83. 83. 1) LEPRA REACTION2) ADVERSE EFFECT OF ANTI-LEPROTIC DRUGS3) DISABILITIES & DEFORMITIES4) PSYCHO-SOCIAL PROBLEMS 85
    84. 84. • LEPRA REACTION:May occur before/during/after MDT.Not caused by MDT.Type1 (Reversal reaction) Type2 (ENL) Type I Type II •Change in host CMI •Antigen antibody •Seen in borderlines •Seen in LL & BL leprosy •Skin and nerve lesions •Skin, nerve & systemic involvement 86
    85. 85. Treat ‘Reaction’ as a Medical Emergency:Rest & AnalgesicsDOC-Prednisolone(40-60 mg)Taper gradually over 12-16 wks.All need a detailed Neuromuscular assessment by aphysiotherapist.Erythema Nodosum Leprosum(ENL) Erythematous.Tender .Subcutaneous. Resolve in 7 to 10 days. Associated with fever & joint pains. May be vesicular, pustular & may ulcerate Treatment:with CLOFAZIMINE 87
    86. 86. ADVERVE EFFECT OF ANTI-LEPROTIC DRUGS:DRUGS MINOR MAJOR1. RIFAMPICIN RED URINE JAUNDICE GIT UPSET HEPATITIS FLU LIKE SYNDROME SHOCK2. DAPSONE GIT UPSET DAPSONE SYNDROME DRUG RASH AGRANULOCYTOSIS ANAEMIA HEMOLYTIC ANAEMIA3. CLOFAZIMINE GIT UPSET ACUTE PAIN ABDOMEN DISCOLOURATION OF SKIN 88 ICHTHYOSIS
    87. 87. DISABILITIES• Disabilities such as loss of sensation and deformities of hands/feet/eyes occur because: – Late diagnosis and late treatment with MDT – Advanced disease (MB leprosy) – Leprosy reactions which involve nerves – Lack of information on how to protect insensitive parts Only about 10-15% of leprosy affected person develop significant deformities and disabilities. 89
    88. 88. 1) Specific deformities: - b/c of local infection with M.Leprae - seen most often in the face; facies leprosa(loss of eyebrow,nasal deformity), gynecomastia,less often in the hand and only occassionly in the feet. 90
    89. 89. 2) Paralytic deformities: - result from damage to motor nerve.-seen most often in the hand(claw finger),less often in the feet &occassionly in the face(lagopthalomos,facial palsy) 91
    90. 90. 3)Anesthetic deformity :- Occur as a consequence of neglected injuries in part rendered insensitive b/c of damage to sensory nerve.- Found most often on the feet and hand(ulceration,scar contrature,shortening of digits,&skeletal disorganization of foot) 92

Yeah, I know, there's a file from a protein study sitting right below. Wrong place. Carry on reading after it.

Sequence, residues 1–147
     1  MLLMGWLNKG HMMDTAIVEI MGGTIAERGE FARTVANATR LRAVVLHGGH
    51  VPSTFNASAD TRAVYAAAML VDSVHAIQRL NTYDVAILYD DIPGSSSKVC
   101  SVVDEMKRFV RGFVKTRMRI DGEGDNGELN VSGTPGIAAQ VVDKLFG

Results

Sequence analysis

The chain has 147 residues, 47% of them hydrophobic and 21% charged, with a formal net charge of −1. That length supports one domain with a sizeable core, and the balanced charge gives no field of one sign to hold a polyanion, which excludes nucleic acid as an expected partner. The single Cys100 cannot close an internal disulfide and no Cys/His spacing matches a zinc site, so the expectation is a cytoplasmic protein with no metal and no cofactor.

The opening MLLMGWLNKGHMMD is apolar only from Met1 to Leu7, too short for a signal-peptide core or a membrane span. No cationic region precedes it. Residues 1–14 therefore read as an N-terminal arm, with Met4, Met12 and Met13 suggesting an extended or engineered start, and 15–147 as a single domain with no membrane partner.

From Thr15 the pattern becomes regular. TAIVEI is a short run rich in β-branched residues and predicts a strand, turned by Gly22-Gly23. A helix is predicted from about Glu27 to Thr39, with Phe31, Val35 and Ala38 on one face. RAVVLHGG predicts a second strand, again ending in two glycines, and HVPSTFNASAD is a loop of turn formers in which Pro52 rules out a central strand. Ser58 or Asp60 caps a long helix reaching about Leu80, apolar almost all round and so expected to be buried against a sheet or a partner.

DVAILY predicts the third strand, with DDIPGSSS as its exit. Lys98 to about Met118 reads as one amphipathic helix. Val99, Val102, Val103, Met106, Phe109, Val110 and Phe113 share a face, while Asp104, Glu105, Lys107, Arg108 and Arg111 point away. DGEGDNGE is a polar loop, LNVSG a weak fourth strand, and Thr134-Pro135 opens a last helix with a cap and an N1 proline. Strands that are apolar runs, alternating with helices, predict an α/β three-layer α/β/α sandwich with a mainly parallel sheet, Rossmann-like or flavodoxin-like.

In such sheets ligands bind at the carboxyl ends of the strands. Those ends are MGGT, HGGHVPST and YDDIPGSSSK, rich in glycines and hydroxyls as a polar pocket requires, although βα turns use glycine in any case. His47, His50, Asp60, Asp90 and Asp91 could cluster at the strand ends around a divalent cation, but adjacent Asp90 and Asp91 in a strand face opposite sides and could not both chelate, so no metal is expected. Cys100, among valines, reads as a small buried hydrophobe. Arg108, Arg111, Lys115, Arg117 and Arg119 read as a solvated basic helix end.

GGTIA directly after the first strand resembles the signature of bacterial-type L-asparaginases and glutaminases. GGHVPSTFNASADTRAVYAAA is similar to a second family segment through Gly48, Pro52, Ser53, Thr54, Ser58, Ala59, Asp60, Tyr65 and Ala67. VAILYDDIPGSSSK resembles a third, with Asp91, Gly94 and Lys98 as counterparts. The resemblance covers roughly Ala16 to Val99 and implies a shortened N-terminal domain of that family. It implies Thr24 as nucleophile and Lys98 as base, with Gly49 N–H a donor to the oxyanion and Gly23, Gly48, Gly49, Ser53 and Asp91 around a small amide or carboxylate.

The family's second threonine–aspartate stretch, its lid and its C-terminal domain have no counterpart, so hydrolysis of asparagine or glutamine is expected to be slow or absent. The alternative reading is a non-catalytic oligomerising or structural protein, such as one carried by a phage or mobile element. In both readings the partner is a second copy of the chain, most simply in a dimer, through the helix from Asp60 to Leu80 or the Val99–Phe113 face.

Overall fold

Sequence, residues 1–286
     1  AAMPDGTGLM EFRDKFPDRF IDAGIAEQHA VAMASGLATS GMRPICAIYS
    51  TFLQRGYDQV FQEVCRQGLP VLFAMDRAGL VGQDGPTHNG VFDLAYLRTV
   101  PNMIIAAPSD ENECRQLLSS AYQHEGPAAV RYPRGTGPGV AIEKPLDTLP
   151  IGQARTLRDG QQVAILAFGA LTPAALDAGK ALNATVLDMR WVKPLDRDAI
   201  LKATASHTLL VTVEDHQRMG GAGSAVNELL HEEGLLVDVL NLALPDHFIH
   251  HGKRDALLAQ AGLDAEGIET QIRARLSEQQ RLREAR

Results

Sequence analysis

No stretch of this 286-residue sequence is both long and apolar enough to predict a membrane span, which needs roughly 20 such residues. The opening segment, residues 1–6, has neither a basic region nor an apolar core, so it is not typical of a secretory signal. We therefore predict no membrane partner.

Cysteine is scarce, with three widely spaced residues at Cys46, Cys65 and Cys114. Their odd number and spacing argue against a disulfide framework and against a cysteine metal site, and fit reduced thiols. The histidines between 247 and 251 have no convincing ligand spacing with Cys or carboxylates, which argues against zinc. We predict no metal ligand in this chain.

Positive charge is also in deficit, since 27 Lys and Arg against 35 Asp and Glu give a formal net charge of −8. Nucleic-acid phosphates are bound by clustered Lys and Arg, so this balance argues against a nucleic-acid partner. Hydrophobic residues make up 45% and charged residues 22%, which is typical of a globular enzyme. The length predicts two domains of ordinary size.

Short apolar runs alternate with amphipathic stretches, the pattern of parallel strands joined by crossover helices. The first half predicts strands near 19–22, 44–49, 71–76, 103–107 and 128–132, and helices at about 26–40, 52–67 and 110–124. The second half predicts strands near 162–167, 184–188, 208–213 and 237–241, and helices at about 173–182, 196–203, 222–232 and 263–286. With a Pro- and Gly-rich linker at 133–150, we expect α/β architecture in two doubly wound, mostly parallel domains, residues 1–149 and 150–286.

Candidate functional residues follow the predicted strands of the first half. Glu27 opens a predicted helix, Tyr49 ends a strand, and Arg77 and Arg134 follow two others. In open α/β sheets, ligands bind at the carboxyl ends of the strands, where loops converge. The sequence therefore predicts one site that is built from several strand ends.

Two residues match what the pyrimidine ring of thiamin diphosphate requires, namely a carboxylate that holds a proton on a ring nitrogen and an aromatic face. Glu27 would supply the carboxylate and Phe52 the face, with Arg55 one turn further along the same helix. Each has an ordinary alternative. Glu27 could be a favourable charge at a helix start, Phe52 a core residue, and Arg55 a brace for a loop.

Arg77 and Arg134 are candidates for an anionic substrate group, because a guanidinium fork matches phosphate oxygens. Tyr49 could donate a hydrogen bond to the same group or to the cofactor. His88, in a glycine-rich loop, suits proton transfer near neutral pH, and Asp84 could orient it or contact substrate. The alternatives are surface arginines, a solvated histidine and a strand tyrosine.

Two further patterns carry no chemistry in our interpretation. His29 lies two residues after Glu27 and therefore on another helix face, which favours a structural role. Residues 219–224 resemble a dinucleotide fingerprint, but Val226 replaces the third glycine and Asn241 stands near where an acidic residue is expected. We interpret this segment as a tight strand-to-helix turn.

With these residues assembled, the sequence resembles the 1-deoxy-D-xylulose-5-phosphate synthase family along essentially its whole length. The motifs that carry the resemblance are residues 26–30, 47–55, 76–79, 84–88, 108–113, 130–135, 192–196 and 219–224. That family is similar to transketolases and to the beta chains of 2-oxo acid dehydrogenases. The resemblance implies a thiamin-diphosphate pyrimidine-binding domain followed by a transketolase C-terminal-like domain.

91. 91. WHO Grade 0 Grade 1 Grade 2EYES Normal Corneal reflex Reduced vision,lid weak vision,lagophthal gap,blinking. mos.HANDS Normal Loss of feeling in Visible sensation & the palm damage:wounds, m.power. claw hand,loss of tissue etc.FEET Normal Loss of feeling in Visible sensation & the sole damage:wound,f m.power. oot drop,loss of 93 tissue.
    92. 92. Peripheral nerves Sensory Motor AutonomicHypoaestesia / anaestesia Muscle paralysis Lack of sweating & sebum Ulcers Ulnar nerve Claw hand Dry skin Radial nerve Wrist drop Cracked skin Lt. popliteal Foot drop Post. tibial Claw toes Facial lagophthalmous Ulcers 94
    93. 93. 95
    94. 94.  Infected ulcer/Cracks  Clean with soap & water  Rest & apply antiseptic dressing  Apply cooking oil/Vaseline Wounds/injury  Soak in water  Clean and apply clean bandage  Protect when working/cookingweakness/paralysis  Oil massage  Exercises 96
    95. 95. COMPLICATIONSOFEYE
    96. 96. Involvment of the ophthalmic division of the (5th.) trigeminal nerve Corneal sensation imparment Patients ignore injuries keratitis, conjunctivitis and ulcers Unable to close the eye (unbliking stare) LagophthalmosInvolvment of zygomatic & temporal braches of the (7th.) facial nerve. 98
    97. 97. 99
    98. 98. Care of eyes• Redness and pain • Aspirin or paracetamol • Atropine and steroid ointment• Injury to cornea • Cover with eye pad • Apply antibiotic ointment • Refer• Difficulty in closing eye • Tear substitute eye drops • Exercises • Dark glasses to protect 100 • Refer
    99. 99. PSYCHO- SOCIAL PROBLEMS-are related to widely held beliefs and prejudices concerning leprosy & its causes.-they often develop self stigma,low self esteem & depression as a result of rejection and hostility,-need to be referred for proper counselling. 101
    100. 100. 102
    101. 101. Methods of Control• Medical methods • Social support – Estimation of problem • Programme – Early detection management – Multi drug therapy – Surveillance • Evaluation – Immunoprophylaxis – Chemoprophylaxis – Deformities – Rehabilitation – Health education 103
    102. 102. Rehabilitation• Community based rehabilitation is recommended by WHO• Is a strategy within general community development for the rehabilitation, equalization of oppurtunities and social inclusion of all people with disabilities. 104
    103. 103. Surveillance• For PB; clinically at least once a year for 2 years after treatment• For MB; at least once a year for 5 years after treatment 105
    104. 104. Evaluationi. Epidemological indicators • Incidences • Prevalenceii. Main or core indicators for monitoring progress • No. and rate of new cases detected per year • Rate of new cases with grade2 disabitities per 10,000 population • Treatment complexion/cure rate 106